Q: It seems that this is following up American policy against the so-called axis of evil that started with Iraq, then North Korea and now Iran. It sounds like Japan is following the same countries. Does that mean that you are restricting your anti-nuclear policies to the countries that are targeted by the United States?

    Mr. Takashima: The International Atomic Energy Agency recently issued a report identifying Iran as a nation which at least has performed some sort of matter of concern in terms of agreement between the IAEA member or signing countries. Therefore, as a member of the IAEA and of the NPT arrangement, we urge Iran to comply with all the commitments that they have made with those international schemes and to sign and ratify an additional protocol. That is the basic stance of the Government of Japan and is based upon the report of the IAEA.

    Q: Is it in the interest of the Government of Japan to ask the nuclear countries to do something about their nuclear arsenals?

    Mr. Takashima: Every year we propose and get approval from the United Nations General Assembly of a non-nuclear resolution and we urge all countries in the world to abolish their nuclear arsenals in order to make this Earth safer and a better place to live.

    Related Information (Statement by the Press Secretary/Director-General for Press and Public Relations, Ministry of Foreign Affairs, on the Chairwoman's Summing-up Statement of the IAEA Board of Governors Meeting Concerning the Implementation of the NPT Safeguards Agreement )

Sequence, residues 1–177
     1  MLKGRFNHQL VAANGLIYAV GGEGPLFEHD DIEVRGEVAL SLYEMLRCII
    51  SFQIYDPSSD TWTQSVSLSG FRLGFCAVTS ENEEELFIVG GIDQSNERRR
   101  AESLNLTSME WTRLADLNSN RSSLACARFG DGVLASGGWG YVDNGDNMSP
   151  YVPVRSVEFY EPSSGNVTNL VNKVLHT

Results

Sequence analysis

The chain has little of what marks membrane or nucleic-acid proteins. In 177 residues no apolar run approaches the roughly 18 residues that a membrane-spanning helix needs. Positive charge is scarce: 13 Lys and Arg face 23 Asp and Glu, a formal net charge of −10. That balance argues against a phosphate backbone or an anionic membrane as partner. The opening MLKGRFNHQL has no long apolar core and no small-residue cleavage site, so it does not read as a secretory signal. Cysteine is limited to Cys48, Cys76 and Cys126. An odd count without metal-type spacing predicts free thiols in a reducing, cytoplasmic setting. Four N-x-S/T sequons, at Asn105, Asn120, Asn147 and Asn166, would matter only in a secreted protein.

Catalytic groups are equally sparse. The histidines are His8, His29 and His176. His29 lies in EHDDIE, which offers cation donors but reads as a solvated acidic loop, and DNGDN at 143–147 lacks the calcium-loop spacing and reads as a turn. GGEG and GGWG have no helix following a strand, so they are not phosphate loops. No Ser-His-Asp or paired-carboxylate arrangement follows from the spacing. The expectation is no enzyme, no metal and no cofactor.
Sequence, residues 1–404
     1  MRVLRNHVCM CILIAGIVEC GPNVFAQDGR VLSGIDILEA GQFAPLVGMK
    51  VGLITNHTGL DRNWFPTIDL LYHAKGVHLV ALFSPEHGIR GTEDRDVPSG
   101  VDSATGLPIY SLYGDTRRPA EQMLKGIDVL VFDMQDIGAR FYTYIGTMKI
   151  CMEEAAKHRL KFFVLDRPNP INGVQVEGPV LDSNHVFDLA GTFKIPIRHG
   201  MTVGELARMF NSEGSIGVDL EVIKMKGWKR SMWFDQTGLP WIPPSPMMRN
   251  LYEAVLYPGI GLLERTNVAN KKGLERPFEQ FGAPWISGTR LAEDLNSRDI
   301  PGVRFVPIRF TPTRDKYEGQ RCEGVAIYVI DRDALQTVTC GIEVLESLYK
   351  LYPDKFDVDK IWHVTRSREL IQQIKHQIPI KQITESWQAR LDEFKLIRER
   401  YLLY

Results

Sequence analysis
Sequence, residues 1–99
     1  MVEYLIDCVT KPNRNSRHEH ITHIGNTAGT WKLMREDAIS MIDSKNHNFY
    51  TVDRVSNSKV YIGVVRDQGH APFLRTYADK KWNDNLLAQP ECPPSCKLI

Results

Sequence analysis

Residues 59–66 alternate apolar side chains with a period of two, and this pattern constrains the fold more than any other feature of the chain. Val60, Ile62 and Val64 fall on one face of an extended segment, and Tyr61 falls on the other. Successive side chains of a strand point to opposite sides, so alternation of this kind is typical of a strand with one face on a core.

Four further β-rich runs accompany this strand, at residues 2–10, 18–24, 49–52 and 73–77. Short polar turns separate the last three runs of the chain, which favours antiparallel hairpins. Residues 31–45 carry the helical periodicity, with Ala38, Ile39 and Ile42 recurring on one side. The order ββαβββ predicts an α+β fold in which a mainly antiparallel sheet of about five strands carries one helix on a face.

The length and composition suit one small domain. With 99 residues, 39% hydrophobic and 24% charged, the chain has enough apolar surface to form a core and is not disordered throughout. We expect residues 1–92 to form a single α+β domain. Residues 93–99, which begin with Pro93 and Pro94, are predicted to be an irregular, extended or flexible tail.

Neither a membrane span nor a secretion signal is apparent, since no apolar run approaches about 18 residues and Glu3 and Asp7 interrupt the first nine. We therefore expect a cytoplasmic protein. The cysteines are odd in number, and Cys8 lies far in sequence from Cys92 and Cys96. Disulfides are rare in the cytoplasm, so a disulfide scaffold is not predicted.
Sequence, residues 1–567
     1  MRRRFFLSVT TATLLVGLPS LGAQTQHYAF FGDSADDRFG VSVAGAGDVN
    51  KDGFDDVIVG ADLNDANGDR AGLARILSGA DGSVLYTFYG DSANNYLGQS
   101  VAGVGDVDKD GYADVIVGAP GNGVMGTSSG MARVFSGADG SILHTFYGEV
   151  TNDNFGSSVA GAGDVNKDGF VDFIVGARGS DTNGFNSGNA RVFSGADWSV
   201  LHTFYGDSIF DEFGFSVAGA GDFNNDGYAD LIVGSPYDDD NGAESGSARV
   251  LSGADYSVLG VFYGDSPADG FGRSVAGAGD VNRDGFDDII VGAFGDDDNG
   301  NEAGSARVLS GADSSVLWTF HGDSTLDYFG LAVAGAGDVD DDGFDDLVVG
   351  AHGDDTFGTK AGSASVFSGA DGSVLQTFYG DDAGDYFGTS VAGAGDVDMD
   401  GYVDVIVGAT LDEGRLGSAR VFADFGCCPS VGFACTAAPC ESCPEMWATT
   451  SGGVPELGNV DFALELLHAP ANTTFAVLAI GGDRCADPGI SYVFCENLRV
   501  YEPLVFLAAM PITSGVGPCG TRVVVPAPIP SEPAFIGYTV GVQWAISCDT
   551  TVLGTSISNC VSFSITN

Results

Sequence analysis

5. Questions concerning current situation in Iraq

    Q: There is some mission from the Government of Japan in Iraq now. Do you an update on their activities there?

    Mr. Takashima: There are Japanese delegations as well as officials in Iraq doing some surveys on the situation in Iraq in conjunction with the debate at the Diet on the so-called Iraqi new law. They are monitoring the situation especially in terms of security in the streets, and in towns and rural areas. In addition, they are doing some research and study on the necessity of Japanese assistance.

    Q: What is the Japanese basic position toward the American current occupation of Iraq?

    Mr. Takashima: We understand that they are doing their utmost effort to stabilize the situation in Iraq and are conducting additional activities to find the weapons of mass destruction in the country. We hope that they are successful in both those endeavors.

    Q: There were some reports about attacks against the American forces there. Are you aware of this and does that affect your policy of sending Self-Defense Forces (SDF) to that region?

    Mr. Takashima: According to the report we received from our embassy in Baghdad and also from the survey teams, the security situation in Iraq has been improved greatly during the last few weeks. According to those reports, there have been some spontaneous incidents of shooting or exchange of fire between American forces and unknown groups. These incidents are the major concern of the American and British forces and of those who are involved in humanitarian and reconstruction assistance for the people of Iraq. We hope that this situation will be improved by the efforts of not only the coalition forces but also through those of the international community.

    Related Information (The Issue of Iraq)